Hydrogel Scaffolds In Tissue Engineering Of The Enteric Nervous System | 30372
Journal of Tissue Science & Engineering
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The enteric nervous system (ENS) is the complex network of neurons and glial cells embedded within the gut wall that
autonomously regulates most gastrointestinal functions. In the ENS, distinct neuronal sub-populations encode excitatory and
inhibitory neurotransmitters. Indeed, interruptions in the neuronal network and derangement in the architecture of the myenteric
ganglia have been linked to gastrointestinal dysmotility and visceral sensory disorders. Since the extracellular matrix proteins have
been long known to provide cues for migration and regeneration of neuronal cells, in this study we designed novel hydrogel scaffolds
for intestinal tissue engineering. Peptides mimicking the extracellular matrix of the ENS were synthesized by Fmoc chemistry and
differently conjugated. Enteric neurons were isolated from the longitudinal muscle myenteric plexus of young mice and seeded
onto different decorated scaffolds. After 5 days on culture, cell adhesion, neuronal marker expression and neurochemical coding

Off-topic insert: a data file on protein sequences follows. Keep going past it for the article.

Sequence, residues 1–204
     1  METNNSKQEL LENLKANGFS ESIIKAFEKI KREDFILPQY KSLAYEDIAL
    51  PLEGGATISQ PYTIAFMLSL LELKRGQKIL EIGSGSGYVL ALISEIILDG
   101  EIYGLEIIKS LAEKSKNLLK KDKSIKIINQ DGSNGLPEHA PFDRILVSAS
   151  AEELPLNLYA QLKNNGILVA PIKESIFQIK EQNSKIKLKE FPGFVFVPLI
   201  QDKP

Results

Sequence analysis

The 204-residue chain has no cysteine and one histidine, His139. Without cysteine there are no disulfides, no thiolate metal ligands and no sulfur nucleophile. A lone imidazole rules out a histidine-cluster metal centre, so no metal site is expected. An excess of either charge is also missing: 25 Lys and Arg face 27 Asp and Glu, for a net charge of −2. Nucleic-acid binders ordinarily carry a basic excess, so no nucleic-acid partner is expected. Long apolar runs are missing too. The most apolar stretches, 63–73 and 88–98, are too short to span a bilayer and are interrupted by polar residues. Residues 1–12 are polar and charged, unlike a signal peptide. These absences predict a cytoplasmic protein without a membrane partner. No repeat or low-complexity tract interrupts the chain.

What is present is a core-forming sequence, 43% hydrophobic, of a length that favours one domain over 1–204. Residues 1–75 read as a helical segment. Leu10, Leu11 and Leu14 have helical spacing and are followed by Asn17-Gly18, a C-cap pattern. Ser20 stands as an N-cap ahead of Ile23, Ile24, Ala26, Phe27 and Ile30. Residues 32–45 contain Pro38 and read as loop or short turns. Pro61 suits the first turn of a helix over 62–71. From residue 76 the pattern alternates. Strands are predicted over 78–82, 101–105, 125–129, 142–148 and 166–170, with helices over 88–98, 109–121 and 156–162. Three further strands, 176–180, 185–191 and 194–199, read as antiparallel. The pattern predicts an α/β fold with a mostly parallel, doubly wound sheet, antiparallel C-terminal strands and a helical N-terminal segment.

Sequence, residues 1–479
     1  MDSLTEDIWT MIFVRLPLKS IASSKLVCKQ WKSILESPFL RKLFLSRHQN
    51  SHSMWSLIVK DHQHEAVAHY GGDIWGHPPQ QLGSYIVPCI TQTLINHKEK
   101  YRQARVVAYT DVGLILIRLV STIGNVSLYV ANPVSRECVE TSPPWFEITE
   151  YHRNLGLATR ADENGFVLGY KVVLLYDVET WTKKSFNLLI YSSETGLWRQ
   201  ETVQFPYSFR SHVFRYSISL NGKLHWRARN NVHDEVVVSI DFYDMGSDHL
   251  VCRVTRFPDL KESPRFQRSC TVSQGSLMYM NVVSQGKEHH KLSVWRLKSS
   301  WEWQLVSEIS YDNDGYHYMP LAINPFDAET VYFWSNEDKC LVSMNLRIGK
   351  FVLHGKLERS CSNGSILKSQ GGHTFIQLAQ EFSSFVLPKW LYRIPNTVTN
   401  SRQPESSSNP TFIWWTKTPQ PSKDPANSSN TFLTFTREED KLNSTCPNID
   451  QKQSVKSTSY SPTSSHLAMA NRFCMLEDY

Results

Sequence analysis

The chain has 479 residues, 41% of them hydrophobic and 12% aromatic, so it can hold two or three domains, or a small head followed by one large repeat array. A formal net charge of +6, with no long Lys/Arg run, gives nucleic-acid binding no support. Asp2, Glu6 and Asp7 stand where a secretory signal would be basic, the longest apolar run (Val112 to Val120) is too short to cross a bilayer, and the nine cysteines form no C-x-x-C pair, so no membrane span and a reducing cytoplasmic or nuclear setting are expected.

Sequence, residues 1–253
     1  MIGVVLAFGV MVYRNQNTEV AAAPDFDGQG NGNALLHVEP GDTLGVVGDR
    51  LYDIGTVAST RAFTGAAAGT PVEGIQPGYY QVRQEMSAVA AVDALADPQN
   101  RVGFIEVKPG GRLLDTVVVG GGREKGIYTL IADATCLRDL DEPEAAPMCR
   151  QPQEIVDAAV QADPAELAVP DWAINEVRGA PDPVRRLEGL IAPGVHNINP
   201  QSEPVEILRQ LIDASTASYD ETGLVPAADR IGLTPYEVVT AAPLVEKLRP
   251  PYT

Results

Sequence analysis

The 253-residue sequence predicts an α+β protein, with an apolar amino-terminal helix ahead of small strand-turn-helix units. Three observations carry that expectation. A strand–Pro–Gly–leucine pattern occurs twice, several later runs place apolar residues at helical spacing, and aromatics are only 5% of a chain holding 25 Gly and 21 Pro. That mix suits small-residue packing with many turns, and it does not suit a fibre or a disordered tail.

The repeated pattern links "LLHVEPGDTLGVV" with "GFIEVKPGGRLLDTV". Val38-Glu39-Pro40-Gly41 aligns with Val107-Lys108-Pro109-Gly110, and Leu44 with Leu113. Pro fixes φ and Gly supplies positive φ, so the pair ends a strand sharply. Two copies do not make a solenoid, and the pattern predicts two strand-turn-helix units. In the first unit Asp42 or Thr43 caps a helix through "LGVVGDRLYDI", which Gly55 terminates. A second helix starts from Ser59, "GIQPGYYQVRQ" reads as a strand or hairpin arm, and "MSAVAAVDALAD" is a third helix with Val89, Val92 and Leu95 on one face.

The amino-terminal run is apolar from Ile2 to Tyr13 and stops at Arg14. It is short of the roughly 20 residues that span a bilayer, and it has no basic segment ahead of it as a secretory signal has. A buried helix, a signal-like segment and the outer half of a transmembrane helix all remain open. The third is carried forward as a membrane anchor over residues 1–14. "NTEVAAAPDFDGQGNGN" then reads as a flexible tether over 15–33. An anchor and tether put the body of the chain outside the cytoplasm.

were evaluatedby confocal microscopy and quantitative RT-PCR. Hydrogels containing laminin adhesive motif greatly promoted
adhesion of neuronal cells relatively to other cells of the myenteric ganglia. Arg-Gly-Asp (RGD) motif supported the adhesion
of glial cells and also induced expression of mRNA specific for neurotrophin-3, a soluble factor involved in neurogenesis. Ioniccomplementary
peptide EAbuK fostered axonal outgrowth. Finally, conjugation of RGD and laminin enhanced the expression of
choline acetyltransferase thus inducing cholinergic neurons. In conclusion, our study demonstrated that neuronal subpopulations
are modulated by varying the composition of scaffolds. These observations will be helpful in the designed of engineered scaffolds
personalized for the treatment of defects of the ENS.
Ignazio Castagliuolo is an Associate Professor at the Department of Molecular Medicine, University of Padova. He graduated in 1987 in Medicine. He spent 7
years at Boston University and Harvard Medical Center in Boston performing scientific research in the field of Gastrointestinal inflammation. Then he moved back
to Padua, where he has performed research mainly focused on cell biology, bioengineering and molecular medicine. He actively collaborates with the Departments
of Industrial Engineering of University of Padua to develop innovative scaffolds to support colonization and differentiation of different cell populations. He has
published 150 papers in peer-reviewed journals and he is an active reviewer for several scientific journals.
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